Zaitun Mohamed Kasim, or Toni as she was affectionately known, was my soulmate, mentor, friend and confidante. In 2008, two months before I turned 30, I was covering her in earth at her burial.
I first met Toni when I was still working at Petronas, Malaysia’s state-owned oil and gas company. Getting up for work every morning was a struggle. I was employed by a company that exploited fossil fuels for profit, restless to write and sing, and eager to do more for the world. But exactly what “more” I wanted was beyond my grasp.
Then I met Toni, who tickled me with her impressions of a hissing cat and a budgerigar that thought it was a bulldog. True story, that. That she was 12 years older than me made me adore her more fiercely. She mentored me to care for refugees, people with disabilities and people with HIV and to do something concrete about violence against women – and could also make me laugh. As a Muslim feminist, she introduced me to Qur’anic verses and hadith on equality, diversity and justice. In a country where people like me were constantly told that human rights were a “Western” agenda to undermine Islam, she was a role model.
Eventually, I left Petronas to balance activism, journalism, music and theatre. It was scary, exciting and sometimes depressing, and Toni was my biggest cheerleader. I was her healer, too, giving a shoulder to cry (and cry some more) on as she dealt with a complicated divorce.
Then one day Toni had to be taken to hospital by her sister. She was weak, losing weight and vomiting for no reason. I prayed day and night that it was nothing. Then she got diagnosed with cancer. I prayed for it not to be terminal. Then the doctors said it was gallbladder cancer which had spread to her liver. “Please don’t let her die,” I prayed, in between violent sobs of denial. She died within three months.
A group of close friends took turns caring for her throughout her illness – her family situation was complicated, she had no children. I was with her the night before she died. That morning, her sister and brother-in-law came to pick her up to stay at theirs for a while. In her weakened state, it took forever to climb into the car. But when she got in she smiled and blew me a kiss. The next morning, just before Fajr prayers, she passed away peacefully in her sister’s arms.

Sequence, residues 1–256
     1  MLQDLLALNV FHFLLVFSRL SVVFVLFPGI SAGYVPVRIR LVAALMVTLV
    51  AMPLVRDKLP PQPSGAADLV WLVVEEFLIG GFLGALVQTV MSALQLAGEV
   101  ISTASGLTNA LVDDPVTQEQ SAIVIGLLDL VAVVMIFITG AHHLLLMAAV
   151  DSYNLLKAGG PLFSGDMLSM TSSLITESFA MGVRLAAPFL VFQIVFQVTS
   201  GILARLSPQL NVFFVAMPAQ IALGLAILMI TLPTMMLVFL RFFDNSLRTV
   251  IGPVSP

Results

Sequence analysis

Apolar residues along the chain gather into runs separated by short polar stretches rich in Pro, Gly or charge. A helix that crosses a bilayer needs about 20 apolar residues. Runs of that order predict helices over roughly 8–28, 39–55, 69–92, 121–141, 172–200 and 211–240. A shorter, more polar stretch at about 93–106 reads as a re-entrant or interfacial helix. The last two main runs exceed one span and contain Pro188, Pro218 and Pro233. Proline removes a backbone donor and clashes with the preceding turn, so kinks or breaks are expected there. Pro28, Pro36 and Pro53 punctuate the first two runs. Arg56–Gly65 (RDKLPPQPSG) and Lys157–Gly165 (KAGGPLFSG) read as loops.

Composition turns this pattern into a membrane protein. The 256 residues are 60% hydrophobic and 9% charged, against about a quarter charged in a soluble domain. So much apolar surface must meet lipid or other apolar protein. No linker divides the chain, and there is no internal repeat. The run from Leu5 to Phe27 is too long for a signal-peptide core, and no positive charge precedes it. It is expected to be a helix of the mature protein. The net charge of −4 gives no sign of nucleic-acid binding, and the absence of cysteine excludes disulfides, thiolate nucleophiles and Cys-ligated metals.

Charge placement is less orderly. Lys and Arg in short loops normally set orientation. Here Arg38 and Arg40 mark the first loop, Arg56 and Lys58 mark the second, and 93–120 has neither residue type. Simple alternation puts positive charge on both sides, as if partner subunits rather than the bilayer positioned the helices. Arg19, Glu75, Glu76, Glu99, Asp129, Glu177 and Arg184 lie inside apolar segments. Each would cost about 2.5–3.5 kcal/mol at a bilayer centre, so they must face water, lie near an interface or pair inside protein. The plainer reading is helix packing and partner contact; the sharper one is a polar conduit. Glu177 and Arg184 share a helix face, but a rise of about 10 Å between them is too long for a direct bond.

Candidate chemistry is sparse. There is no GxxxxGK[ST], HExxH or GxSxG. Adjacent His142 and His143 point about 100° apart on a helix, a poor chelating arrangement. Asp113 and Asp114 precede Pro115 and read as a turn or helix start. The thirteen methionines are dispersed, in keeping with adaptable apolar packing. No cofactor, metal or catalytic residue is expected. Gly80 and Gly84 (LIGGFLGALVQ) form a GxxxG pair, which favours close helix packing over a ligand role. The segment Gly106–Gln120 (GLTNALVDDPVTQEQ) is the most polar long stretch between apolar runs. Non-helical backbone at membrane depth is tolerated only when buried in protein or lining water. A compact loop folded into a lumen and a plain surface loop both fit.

The months during her illness and immediately following her death, I experienced a new fear of Allah. For was it not Allah who brought Toni into my life and was it not Allah who summoned her back? I found prayer increasingly difficult – I realised my duas (supplications) before this were mere wish lists. And that sometimes the answer to our deepest, most fervent prayers is no. And that Allah was also ad-Darr, the Creator of the Harmful. Until today, I am paranoid that I might have cancer and not know it, or that other friends and family I love might be taken away from me.
But then, through prayer, I realised something else. In the hospital, late at night, Toni and I had some of the most intimate, honest and loving conversations ever. Immense tenderness emerged from intense suffering. Like when I read her bits of Roald Dahl’s The Witches or softly sang Bananarama songs as she recovered from vomiting fits. Like when long-lost buddies would turn up at the hospital as promised to cuddle and cheer her up. Like her peaceful and blessed death. Like during her jenaza, when her countless friends – men, women, transgender, straight, queer, Muslim, non-Muslim, old, young – turned up to pay their respects. The imam and mosque committee had never seen anything like it.
And during my long grief, I began noticing other quiet blessings through the people in my life, new and old. No, nobody took the place of irreplaceable Toni. But the same Allah who took my Toni away was also cradling and healing me through these other wonderful souls. And that’s when I appreciated that Allah is also an-Nafi, Creator of Good. And that ad-Darr and an-Nafi go hand in hand.
Without Allah’s grace, my life would not have been transformed by Toni Kasim. Yes, Allah gave her cancer but also blessed her with a giant, pure heart. Without her, I would not be the person that I am today. I still fear ad-Darr and am still grateful for an-Nafi. I am also ever in awe of the mysteries that vibrate between the two. In this book’s entry on these two names, Daniel highlights a verse from the Qur’an that sings to me hauntingly, “Say, ‘It is not within my power to bring good to, or divert harm from, myself, except as God wills.’” (Surah al-Araf, 7:188)
~ Shanon Shah